Gothic Bible

Page from the Codex Argenteus containing the Wulfila Bible.

The Gothic Bible or Wulfila Bible is the Christian Bible as allegedly translated by the Arian bishop and missionary Wulfila in the fourth century into the Gothic language spoken by the Eastern Germanic (Gothic) tribes.[1] Recent scholarly opinion, based on analyzing the linguistic properties of the Gothic text, holds that the translation of the Bible into Gothic was not or not solely performed by Wulfila, or any one person, but rather by a team of scholars; there is no clear evidence upon which the traditional Wulfilian hypothesis of the authorship of the Gothic translation can be substantiated.[2]


Surviving fragments of the Wulfila Bible consist of codices from the 6th to 8th century containing a large part of the New Testament and some parts of the Old Testament, largely written in Italy. These are:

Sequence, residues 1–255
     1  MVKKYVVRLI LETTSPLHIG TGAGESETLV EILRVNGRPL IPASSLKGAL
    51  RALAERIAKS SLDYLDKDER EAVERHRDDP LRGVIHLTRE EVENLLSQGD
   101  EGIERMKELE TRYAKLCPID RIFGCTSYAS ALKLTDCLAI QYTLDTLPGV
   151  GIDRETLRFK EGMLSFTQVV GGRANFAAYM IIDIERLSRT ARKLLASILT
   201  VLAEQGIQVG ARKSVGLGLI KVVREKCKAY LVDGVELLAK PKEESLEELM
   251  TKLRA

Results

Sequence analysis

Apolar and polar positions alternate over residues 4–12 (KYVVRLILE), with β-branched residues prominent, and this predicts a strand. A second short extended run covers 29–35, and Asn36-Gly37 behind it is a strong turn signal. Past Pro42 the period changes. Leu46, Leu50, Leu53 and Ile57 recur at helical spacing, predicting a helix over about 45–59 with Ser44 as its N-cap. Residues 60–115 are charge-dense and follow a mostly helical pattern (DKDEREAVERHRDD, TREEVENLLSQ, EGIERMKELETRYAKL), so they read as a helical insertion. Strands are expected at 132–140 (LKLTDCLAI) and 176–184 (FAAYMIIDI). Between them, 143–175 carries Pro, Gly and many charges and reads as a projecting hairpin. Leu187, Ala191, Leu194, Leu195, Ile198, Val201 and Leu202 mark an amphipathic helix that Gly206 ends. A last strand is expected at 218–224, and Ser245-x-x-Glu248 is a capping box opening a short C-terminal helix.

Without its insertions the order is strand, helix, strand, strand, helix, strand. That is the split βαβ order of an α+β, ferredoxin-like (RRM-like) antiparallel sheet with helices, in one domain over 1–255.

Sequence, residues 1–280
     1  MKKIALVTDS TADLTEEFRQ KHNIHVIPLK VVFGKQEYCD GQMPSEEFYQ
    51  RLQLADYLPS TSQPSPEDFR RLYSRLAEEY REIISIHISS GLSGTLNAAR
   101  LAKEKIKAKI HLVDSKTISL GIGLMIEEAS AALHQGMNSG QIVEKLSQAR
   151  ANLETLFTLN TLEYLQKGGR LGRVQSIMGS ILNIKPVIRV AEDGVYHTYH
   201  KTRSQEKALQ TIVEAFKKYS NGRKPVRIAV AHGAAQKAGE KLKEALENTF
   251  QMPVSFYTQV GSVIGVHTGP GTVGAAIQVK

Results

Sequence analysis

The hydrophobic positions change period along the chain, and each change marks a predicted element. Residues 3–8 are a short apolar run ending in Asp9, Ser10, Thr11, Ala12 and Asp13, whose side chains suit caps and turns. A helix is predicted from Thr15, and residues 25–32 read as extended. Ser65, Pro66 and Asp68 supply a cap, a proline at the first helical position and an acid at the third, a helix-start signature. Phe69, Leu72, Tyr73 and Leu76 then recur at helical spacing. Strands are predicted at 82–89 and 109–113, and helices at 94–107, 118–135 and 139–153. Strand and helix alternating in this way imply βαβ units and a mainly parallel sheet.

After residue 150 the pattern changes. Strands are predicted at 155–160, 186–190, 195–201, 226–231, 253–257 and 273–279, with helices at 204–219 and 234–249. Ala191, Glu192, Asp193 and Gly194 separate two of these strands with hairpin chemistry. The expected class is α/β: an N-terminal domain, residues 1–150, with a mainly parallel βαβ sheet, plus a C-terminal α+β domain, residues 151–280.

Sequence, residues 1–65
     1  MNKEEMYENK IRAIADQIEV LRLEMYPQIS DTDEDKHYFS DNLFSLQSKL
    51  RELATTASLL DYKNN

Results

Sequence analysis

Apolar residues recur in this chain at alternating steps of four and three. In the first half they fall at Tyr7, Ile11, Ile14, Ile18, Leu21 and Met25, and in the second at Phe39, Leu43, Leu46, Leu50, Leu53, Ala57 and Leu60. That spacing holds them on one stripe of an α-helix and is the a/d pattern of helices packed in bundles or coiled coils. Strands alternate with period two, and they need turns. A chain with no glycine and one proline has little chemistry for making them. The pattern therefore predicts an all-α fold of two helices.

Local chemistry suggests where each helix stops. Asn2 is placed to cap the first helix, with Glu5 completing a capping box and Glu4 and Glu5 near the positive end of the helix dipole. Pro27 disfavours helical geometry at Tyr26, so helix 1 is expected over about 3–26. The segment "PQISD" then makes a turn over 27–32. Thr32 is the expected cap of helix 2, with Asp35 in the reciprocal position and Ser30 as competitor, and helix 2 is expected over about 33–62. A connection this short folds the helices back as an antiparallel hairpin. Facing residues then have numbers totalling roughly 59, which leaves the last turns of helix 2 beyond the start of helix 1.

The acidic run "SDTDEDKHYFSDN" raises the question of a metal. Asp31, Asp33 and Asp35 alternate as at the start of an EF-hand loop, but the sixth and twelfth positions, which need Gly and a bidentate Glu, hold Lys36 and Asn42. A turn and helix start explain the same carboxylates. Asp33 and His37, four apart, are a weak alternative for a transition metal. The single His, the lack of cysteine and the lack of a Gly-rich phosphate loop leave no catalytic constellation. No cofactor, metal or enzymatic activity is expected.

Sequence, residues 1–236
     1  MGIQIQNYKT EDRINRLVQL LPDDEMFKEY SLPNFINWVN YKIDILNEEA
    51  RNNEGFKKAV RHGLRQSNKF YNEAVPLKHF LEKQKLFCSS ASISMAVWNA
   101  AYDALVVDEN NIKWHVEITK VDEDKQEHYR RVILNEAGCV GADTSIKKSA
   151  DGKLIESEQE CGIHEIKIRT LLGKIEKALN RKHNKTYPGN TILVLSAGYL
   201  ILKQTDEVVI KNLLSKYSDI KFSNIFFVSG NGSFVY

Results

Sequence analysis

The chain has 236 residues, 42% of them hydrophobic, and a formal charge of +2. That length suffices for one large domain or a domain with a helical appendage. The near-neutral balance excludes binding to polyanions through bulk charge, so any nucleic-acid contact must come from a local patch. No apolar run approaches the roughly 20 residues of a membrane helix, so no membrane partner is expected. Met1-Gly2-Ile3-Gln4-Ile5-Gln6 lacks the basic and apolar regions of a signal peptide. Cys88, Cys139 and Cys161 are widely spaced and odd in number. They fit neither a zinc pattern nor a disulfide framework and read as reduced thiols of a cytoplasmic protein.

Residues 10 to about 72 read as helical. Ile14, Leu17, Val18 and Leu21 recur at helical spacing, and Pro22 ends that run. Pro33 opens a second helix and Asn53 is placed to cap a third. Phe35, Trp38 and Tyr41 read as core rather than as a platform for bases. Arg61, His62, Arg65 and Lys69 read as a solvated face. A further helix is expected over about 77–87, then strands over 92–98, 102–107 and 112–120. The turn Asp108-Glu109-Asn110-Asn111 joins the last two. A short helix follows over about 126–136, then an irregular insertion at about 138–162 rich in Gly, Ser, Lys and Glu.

• Codex Argenteus, the longest and most celebrated of the manuscripts, which is kept in Uppsala,
  • Codex Ambrosianus A through Codex Ambrosianus E, containing the epistles, Skeireins (in a fragment of Codex Ambrosianus E known as the Codex Vaticanus Latinus 5750), and Nehemiah 5–7,
  • Codex Carolinus, a Gothic-Latin diglot palimpsest containing Romans 11–14,
  • Codex Gissensis, containing fragments of the Gospel of Luke,
  • Fragmenta Pannonica, which consist of 1 mm thick lead plates with fragmented remnants of verses from the Gospels.
Other Languages
asturianu: Biblia gótica
беларуская: Гоцкая Біблія
беларуская (тарашкевіца)‎: Гоцкая Біблія
Deutsch: Wulfilabibel
español: Biblia gótica
Esperanto: Gota Biblio
Bahasa Indonesia: Alkitab bahasa Goth
italiano: Bibbia gotica
lietuvių: Gotų Biblija
Nederlands: Gotische Bijbel
Plattdüütsch: Wulfilabibel
polski: Biblia gocka
português: Bíblia Gótica
Simple English: Wulfila Bible